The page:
Sacre Conversazione: Virgin and Child with the Young John the Baptist and St. Anthony

  • Ippolito Scarsellino (Scarsella)
  • Ferrarra 1550-1620
  • Oil on canvas, arch topped.
  • 17 x 12 in / 41 x 30 cm

Unlined in virtually untouched condition in period style frame. (Lining still recommended as prophylactic against climatic effects on unlined canvas.)

Scarsellino - Sacre Conversazione: Virgin and Child with the Young John the Baptist and St. Anthony

A particularly good recently recognized example of the smaller Holy Family and Sacre Conversazione images painted by Scarsellino largely during the last decade of the sixteenth century. Most of Scarsellino’s paintings, as with most painting in Ferrarra and its kindred north Italian city states prior to the Papal assault along the Po trajectory between Milan and Venice, were party to a relatively conservative continuity from the older natural realism of Giorgione and Titian through the apogee of Tintoretto and Veronese, before a terminal return to earlier traits of mannerism.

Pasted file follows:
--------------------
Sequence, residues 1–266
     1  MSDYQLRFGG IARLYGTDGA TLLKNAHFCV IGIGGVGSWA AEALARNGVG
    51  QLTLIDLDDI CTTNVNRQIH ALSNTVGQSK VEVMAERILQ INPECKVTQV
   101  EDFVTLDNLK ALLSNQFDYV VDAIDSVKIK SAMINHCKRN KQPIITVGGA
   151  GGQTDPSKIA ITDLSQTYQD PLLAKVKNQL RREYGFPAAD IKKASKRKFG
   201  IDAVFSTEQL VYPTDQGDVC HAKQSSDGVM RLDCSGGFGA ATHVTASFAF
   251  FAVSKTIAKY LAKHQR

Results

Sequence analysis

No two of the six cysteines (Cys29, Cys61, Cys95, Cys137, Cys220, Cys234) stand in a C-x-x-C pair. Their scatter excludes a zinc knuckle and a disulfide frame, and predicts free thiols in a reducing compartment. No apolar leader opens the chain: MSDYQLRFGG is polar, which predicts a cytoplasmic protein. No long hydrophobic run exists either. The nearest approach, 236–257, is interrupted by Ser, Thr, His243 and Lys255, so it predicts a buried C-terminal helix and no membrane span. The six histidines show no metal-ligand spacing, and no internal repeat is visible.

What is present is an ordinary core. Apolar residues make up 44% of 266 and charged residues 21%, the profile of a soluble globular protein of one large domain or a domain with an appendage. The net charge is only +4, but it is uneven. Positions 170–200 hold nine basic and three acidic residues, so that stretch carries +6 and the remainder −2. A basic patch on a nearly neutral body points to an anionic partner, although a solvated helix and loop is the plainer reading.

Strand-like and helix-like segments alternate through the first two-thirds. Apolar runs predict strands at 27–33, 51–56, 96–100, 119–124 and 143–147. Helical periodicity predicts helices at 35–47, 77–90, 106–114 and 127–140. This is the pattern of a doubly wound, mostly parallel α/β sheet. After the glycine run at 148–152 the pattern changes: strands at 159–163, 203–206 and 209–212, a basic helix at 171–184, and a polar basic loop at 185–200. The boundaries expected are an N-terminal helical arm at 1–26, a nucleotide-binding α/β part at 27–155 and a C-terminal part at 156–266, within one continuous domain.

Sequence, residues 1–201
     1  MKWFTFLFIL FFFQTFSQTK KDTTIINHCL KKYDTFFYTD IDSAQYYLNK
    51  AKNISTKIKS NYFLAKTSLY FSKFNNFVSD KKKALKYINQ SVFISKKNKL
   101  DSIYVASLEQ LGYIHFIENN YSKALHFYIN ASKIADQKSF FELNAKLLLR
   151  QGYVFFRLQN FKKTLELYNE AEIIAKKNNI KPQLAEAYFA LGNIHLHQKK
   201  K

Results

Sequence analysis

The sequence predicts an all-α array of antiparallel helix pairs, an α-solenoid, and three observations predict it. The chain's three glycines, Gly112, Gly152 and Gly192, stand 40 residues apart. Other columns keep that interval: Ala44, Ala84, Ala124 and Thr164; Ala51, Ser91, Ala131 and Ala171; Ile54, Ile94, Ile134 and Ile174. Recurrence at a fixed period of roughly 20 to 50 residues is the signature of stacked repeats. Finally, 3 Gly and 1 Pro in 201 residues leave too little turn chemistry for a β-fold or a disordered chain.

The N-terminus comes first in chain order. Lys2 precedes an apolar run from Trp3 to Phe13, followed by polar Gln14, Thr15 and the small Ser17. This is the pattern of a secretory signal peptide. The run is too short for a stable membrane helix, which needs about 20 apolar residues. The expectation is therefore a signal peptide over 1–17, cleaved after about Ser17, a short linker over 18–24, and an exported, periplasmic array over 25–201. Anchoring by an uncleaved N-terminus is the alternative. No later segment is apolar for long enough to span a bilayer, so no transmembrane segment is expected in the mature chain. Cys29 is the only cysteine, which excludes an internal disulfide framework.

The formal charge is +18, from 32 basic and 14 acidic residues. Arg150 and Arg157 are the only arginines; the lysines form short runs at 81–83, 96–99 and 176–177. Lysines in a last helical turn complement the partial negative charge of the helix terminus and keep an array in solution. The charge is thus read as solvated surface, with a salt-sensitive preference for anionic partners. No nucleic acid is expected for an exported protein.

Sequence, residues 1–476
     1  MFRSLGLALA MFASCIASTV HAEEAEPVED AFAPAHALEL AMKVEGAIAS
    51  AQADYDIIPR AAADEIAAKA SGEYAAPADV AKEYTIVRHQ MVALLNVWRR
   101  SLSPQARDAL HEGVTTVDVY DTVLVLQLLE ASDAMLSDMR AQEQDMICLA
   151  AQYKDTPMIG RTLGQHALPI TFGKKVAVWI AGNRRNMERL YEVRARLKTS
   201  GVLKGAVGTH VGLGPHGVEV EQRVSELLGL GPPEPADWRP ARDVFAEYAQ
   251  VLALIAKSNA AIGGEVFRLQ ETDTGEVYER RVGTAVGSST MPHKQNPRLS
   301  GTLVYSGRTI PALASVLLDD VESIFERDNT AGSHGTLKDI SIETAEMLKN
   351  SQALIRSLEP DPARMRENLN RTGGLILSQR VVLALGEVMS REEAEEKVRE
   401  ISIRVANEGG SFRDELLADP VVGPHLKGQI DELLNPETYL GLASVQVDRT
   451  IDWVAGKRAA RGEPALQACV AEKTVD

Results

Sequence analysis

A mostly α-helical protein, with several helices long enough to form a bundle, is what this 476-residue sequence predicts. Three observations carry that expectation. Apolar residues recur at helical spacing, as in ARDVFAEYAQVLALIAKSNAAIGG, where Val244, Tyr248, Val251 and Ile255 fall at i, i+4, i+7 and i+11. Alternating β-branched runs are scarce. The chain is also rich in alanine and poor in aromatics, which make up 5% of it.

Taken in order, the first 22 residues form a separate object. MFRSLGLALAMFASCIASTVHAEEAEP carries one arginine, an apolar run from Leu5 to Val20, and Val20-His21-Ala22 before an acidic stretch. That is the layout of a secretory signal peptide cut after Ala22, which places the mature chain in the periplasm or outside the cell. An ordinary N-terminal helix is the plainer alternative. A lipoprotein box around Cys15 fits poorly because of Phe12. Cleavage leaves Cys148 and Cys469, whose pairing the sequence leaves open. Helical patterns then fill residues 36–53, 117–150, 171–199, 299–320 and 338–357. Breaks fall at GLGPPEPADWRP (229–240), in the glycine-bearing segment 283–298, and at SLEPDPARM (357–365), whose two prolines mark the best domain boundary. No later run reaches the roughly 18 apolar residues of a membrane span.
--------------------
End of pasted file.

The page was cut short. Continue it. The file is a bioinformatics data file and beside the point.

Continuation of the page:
Several other similar paintings by Scarsellino from the last decade on the cusp of the new century are conveniently illustrated with full critical apparatus in the excellent monograph on the artist by Mari Angela Novelli, Scarsellino, Milan, 2008,cat. nos.:  77, 78, 117, 118, 121, 122, 179.  Inter alia, these select paintings share several traits as constants without obvious literal repetition: the decorous decorative decorum, pleasant natural body and facial types appropriate to age and cast. In particular, while older saints are grave contemplative, and younger children alert but contained, within empathetic response, Scarsellino’s portrayal of the Virgin is attractively thoughtful, her heavily lidded, downcast eyes conveying in her handsome features the affect of introspective meditation. His children are consistently well-drawn with a slight tendency to an elongated torso.